Abstract: We analytically characterize optimal monetary policy for a New Keynesian model with a housing sector. If one supposes that the private sector has rational expectations about future housing prices and inflation, optimal monetary policy can be characterized without making reference to housing price developments: commitment to a “target criterion” that refers only to inflation and the output gap is optimal, as in the standard model without a housing sector. But when a policymaker seeks to choose a policy that is robust to potential departures of private sector expectations from model-consistent ones, then the optimal target criterion must also depend on housing prices. In the empirically realistic case where housing is subsidized and where monopoly power causes output to fall short of its optimal level, the robustly optimal target criterion requires the central bank to “lean against” housing prices: following unexpected housing price increases, policy should adopt a stance that is projected to undershoot its normal targets for inflation and the output gap, and similarly aim to overshoot those targets in the case of unexpected declines in housing prices. The robustly optimal target criterion does not require that policy distinguish between “fundamental” and “non-fundamental” movements in housing prices.
    JEL: E52
    Date: 2018–05
  11. By: Christopher Heiberger (University of Augsburg, Department of Economics); Alfred Maussner (University of Augsburg, Department of Economics)
    Abstract: Cho, Cooley, and Kim (RED, 2015) (CCK) consider the welfare effects of removing multiplicative productivity shocks from real business cycle models. In a model that admits an analytical solution they argue convincingly that the positive welfare effect of removing uncertainty can be dominated by a negative mean effect arising from the optimal response of household labor supply. While the presentation of this model is quite elaborate, the details of their subsequent quantitative analysis of several versions of the standard real business cycle model remain vague. We lay out the general procedure of computing second-order accurate approximations of welfare gains or losses in the canonical dynamic stochastic general equilibrium model. In order to be able to consider mean preserving increases in the size of shocks we extend the computation of second-order approximations of the policy functions pioneered by Schmitt-Grohé and Uribe (JEDC, 2004). Our computations show that different from the results reported in CCK the mean effect never dominates the fluctuations effect. Welfare measures computed from weighted residuals methods confirm the logic behind our perturbation approach and verify the accuracy of our estimates.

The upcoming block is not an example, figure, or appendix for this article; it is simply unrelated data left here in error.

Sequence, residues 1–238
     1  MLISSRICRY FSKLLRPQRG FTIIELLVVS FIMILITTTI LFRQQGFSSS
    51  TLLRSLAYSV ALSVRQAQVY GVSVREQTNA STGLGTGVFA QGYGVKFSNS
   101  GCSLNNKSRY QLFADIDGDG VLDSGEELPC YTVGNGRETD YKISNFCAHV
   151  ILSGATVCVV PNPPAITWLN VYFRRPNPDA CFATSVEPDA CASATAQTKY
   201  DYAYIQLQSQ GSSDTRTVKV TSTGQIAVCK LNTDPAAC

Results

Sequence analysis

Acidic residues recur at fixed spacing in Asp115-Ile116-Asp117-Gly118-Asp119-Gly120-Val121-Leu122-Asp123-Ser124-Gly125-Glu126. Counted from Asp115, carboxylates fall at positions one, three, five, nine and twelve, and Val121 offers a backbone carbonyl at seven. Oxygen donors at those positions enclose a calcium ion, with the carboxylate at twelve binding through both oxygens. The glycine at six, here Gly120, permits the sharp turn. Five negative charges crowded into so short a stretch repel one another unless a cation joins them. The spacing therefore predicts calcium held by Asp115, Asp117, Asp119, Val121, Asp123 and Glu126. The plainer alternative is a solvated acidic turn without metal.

Keywords: business cycles, mean effect, second order solution, risk aversion, welfare costs
    JEL: C63 D60 E32
    Date: 2018–06
  12. By: Matthias Schlegl